• The New York metro area is bracing for massive transit delays this summer.
• Hash out a plan with your boss to avoid getting in trouble for lateness if you’re ever stranded.
• Harvard Business School professor Michael Wheeler recommends viewing the situation from your manager’s perspective to anticipate issues.
New York City’s “summer of hell” is upon us.
Whether you ride the LIRR, travel on Amtrak or New Jersey Transit, or take the subway to work, you can expect increasing public transit holdups this summer. Already, issues with overcrowding and delays have sparked some downright infernal scenes, like what ensued when travellers were trapped in a crowded, steamy F train for over an hour earlier this month.
Many New York City managers will likely be understanding and flexible about the delays in the coming months. Plus, options like working from home are becoming more popular in certain industries.
But, people with a punctual stickler for a boss may still find it helpful to have some strategies up their sleeves.
First things first: Keep track of MTA, LIRR, Amtrak, and New Jersey Transit delays. Also, carefully following company policies and guidelines will always reduce your changes of getting sacked for lateness.
“That doesn’t mean you won’t be yelled at, however,” Michael Wheeler, a Harvard Business School professor who teaches a course on “Negotiation Mastery” for the school’s online initiative HBX, tells Business Insider. “That may be your boss’ nature — my condolences, if that’s the case. Or it may reflect his or her own stress if staffing and coverage is challenging. If things get tense, do your best not to escalate the problem.”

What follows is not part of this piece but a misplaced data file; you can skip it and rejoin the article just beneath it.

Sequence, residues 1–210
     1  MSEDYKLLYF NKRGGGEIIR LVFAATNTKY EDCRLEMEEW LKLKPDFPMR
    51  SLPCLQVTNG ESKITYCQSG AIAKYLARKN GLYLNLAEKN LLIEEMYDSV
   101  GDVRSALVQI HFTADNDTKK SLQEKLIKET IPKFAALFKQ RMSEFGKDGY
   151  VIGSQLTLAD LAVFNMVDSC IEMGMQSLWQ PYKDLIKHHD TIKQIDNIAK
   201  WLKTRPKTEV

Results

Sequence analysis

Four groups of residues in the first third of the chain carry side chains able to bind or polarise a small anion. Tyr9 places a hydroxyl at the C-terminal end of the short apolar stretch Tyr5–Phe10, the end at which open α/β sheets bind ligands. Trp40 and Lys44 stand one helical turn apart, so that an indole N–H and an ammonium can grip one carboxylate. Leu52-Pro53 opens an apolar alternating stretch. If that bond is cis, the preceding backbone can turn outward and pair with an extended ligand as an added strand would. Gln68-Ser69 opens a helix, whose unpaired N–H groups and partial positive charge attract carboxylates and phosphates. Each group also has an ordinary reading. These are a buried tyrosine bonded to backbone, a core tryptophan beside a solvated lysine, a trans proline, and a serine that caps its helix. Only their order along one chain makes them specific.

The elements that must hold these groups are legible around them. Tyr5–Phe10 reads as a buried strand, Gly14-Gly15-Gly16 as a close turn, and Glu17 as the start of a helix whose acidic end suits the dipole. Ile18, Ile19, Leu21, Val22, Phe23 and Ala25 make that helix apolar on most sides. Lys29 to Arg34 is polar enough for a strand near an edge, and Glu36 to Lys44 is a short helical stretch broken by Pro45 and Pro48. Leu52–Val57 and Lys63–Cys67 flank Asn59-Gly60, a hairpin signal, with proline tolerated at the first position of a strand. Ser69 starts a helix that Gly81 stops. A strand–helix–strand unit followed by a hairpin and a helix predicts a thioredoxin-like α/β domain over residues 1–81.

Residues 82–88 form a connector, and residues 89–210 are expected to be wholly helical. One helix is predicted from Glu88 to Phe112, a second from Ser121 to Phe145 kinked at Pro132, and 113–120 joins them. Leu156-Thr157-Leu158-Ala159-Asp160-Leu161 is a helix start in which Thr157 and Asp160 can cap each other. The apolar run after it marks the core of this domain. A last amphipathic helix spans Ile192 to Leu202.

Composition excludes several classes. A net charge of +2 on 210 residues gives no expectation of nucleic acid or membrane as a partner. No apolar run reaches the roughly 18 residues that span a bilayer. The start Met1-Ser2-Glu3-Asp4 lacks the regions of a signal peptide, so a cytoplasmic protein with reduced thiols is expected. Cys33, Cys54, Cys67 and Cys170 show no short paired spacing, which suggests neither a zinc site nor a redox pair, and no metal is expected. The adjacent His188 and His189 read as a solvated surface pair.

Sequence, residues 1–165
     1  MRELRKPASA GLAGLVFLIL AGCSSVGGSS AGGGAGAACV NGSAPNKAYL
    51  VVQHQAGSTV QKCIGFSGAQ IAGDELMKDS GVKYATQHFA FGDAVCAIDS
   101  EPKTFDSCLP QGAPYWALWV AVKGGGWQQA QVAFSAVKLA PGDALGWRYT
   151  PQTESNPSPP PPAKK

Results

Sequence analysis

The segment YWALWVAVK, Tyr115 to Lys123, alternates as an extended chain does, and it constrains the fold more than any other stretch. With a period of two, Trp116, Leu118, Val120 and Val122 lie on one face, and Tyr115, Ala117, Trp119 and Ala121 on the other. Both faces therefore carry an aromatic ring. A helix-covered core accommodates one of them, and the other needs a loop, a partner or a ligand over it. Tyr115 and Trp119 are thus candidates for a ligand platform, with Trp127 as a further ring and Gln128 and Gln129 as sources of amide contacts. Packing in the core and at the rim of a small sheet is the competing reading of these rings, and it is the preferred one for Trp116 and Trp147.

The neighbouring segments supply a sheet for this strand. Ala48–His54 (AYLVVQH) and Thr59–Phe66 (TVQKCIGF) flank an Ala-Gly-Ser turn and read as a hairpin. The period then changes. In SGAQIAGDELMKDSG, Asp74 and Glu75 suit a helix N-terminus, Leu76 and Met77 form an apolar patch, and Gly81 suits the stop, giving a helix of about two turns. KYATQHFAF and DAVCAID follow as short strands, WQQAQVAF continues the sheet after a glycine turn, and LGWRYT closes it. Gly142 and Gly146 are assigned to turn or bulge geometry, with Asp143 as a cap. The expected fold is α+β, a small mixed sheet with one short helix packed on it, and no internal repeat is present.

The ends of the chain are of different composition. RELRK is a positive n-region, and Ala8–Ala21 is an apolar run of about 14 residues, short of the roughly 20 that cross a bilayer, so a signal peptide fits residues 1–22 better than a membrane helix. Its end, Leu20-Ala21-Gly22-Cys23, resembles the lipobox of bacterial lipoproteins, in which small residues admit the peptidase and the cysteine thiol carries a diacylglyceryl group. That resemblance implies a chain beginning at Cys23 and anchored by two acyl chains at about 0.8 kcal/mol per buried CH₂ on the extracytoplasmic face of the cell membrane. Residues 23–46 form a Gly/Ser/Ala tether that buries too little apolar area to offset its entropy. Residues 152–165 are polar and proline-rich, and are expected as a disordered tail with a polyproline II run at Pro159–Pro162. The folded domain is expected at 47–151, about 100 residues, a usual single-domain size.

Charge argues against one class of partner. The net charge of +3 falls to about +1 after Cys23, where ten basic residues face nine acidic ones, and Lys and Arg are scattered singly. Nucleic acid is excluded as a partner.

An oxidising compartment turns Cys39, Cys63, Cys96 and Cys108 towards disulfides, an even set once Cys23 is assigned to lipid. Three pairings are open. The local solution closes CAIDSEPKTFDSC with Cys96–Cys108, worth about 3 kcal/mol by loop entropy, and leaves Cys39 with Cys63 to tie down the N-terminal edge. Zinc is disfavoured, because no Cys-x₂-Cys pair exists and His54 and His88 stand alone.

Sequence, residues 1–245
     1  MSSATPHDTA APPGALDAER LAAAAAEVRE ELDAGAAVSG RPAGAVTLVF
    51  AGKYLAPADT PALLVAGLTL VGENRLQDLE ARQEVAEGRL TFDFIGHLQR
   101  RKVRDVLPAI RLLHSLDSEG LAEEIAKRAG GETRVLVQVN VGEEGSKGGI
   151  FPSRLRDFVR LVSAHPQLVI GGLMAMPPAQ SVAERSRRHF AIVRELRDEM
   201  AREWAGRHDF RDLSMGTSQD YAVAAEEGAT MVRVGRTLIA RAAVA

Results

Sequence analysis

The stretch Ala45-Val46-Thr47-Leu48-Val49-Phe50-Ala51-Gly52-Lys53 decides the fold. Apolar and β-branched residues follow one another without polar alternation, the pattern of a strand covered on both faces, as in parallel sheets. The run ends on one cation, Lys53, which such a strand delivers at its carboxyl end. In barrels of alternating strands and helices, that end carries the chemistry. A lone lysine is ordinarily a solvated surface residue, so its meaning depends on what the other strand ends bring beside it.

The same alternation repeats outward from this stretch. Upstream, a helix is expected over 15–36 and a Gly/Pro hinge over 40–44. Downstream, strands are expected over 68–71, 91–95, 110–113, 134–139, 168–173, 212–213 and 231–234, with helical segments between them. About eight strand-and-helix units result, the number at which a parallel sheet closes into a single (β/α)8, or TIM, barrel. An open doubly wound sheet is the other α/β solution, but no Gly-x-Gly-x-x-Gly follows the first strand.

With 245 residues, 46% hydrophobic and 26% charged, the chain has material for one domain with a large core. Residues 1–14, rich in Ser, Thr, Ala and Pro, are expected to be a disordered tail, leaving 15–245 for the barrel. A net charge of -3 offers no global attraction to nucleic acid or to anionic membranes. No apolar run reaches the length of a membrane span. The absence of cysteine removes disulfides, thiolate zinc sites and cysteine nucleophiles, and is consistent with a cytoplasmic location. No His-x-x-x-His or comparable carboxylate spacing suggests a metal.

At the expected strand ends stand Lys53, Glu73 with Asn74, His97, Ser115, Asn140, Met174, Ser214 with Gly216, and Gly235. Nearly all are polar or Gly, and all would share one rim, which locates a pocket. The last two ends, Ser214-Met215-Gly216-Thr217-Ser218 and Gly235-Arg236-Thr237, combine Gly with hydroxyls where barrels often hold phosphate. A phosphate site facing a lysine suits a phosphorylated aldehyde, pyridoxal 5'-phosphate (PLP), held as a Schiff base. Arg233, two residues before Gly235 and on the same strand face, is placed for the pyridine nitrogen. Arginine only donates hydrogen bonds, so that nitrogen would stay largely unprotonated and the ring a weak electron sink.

The key is to work out a new plan with your supervisor ahead of time, to avoid getting an earful. That goes double if you feel that your company or team’s lateness policy won’t withstand this diabolical season. Remember, it’s too late to haggle about a new procedure with your boss if you’re already running late and stranded on some forsaken subway platform.
When you sit down with your manager, Wheeler recommends adopting the mantra of “to get a yes, expect a no.” Try seeing things from your boss’s perspective, and come up with some good counterpoints.
“An old colleague of mine was fond of saying ACBD: ‘Always consult before deciding,'” Wheeler says. “Prompt a broader discussion about what the protocols should be in extreme cases. It doesn’t do the company any good to have an employee stuck in a station waiting for a train that isn’t going to come. Help the boss develop some practical rules of thumb in advance so that people make sensible decisions in such cases.”
The “summer of hell” will impact everyone differently. A flexible policy can help put your entire office’s mind at ease, so, if you’re worried, speak up.
“It’s not a one-size-fits-all problem,” he says. “Employees’ responsibilities will differ. So will their challenges in getting to work. Do what you can to encourage a collective ‘we’re all in this together’ attitude.”
And if all else fails, you can always try getting a late pass from the MTA.
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